Monday, October 13, 2008

I don't know what happened to the "sleep cure."

At yesterday's Bouchercon Guest of Honor interview, Laura Lippman talked about having secretly read her mother's hidden copy of VALLEY OF THE DOLLS at an age that was too young to understand it completely.

I too felt too young to understand VALLEY OF THE DOLLS when I read it, and I was in my late 30s at the time -- but the power of good trash is that some images and plot points stick with you.

At one point fairly late in VALLEY OF THE DOLLS, the sex kitten Jennifer North checks herself into a clinic in Switzerland to lose weight through a "sleep cure" that keeps patients unconscious for a week at a time. The bipolar Neely O'Hara, strung out on pills and panicked over her own weight, latches on to this idea as a lifeline, although her own psychiatrist advises a year in a sanitarium.

My friend Karen Olson and I have discussed this wonderful old-fashioned vision of the sanitarium -- the idea of a gracious converted mansion with lounge chairs on a rolling green lawn, where quiet attendants dressed in white bring you toast and cups of tea. Did those ever exist, or did we just get the idea from some Harold Robbins miniseries? Whatever happened to the "rest cure"?

And for that matter, whatever happened to the "sleep cure"? I recently did some research about miraculous recoveries from extreme cases of hypothermia, which often involve a medically-induced coma, but I don't think that's the same thing. Is anyone still offering a VALLEY OF THE DOLLS-style sleep cure, and if so, for what, and what does it cost?

I realize the possibility of my own crummy insurance covering it is slim. But just for today, instead of driving home to Maine, I'm going to take a couple of Benadryl and try to catch up on my sleep. I've picked up an alarming cough, and hope that a day of antihistamines and 16 hours of sleep will get me back on the road early tomorrow morning.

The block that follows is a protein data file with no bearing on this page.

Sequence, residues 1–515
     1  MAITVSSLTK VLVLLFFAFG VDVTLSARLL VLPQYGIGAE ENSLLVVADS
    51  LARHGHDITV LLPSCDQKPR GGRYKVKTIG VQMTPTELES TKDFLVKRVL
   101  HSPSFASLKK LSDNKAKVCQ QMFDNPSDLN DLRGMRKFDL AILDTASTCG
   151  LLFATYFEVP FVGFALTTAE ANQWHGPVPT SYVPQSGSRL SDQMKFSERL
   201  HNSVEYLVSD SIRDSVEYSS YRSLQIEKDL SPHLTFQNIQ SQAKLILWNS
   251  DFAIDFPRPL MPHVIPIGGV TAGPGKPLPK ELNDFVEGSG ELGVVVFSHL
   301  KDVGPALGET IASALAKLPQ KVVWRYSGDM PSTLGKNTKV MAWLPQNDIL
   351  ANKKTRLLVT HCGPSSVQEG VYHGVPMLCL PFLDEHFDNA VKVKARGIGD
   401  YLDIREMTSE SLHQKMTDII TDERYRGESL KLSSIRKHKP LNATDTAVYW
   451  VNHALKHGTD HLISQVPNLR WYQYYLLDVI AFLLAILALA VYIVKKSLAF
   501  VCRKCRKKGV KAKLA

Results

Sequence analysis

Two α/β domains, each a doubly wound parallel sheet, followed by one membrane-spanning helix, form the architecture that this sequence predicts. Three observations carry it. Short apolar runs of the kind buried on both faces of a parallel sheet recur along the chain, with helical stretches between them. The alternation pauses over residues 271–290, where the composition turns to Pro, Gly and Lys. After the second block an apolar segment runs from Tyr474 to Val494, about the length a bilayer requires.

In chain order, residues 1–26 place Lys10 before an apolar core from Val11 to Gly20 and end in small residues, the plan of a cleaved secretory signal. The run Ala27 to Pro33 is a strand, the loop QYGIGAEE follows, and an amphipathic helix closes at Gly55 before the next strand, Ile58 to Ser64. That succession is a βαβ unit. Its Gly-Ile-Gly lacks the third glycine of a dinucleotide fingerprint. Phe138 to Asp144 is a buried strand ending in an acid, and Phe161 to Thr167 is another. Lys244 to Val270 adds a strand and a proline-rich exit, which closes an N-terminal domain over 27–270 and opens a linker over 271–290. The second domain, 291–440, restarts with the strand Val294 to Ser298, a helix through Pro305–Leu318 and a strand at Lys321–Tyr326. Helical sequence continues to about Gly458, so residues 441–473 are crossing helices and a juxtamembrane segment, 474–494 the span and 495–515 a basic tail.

Bouchercon was terrific, by the way. As usual, I didn't get a chance to talk to everyone I wanted to see, but did manage to spend some quality time with friends, make a few new ones, pick up a couple of new projects, and avoid making any new enemies that I know of. (And no, if I did make any new enemies, I don't need to know.)


Laura Benedict said...

What--no new enemies?! Didn't you have any fun?

Rest well. xo

Andrew Williams said...

OMG! I write a blog about working for a billionaire, and mentioned the "eight day sleep cure" in a post on April 13, 2011. Your article here made me realize where I'd heard about it! Of course! "Valley of the Dolls"! Where else? Ha!

Andrew Williams said...

And by the way, Ms. Benedict's sense of humor, in her comment above, pretty much gets me hysterical. Ha!

That would even give Oscar Wilde a chuckle!

Anonymous said...

I feel exactly the same! What happened to the sleep cure? I read the book when I was like...15!? Is it to early? I don't think so...
What I know is: I want to do a sleep cure so badly!! Sleep+lose weight= perfection xxx


Steve Berke said...

I enjoyed reading this article. PLease continue publishing helpful topics like this. Regards, from bedding stock

Anonymous said...

I've been trying to figure out where I heard the term "sleep cure". Perhaps it was totally fiction? I had emergency surgery in July and ended up in the hospital, mostly drugged up, for three weeks. When I was mobile, I discovered that I'd lost 35 lbs! So yes, the "sleep cure" works! (You just have to be really, really sick to get it!)

EvieRae said...

I read a lot of Harold Robbins when I was a teenager. The ‘sleep cure’ has always stuck in my mind. Don’t we all wish we could go to sleep and wake up minus the extra weight!

Anonymous said...

And Jaqueline Suzanne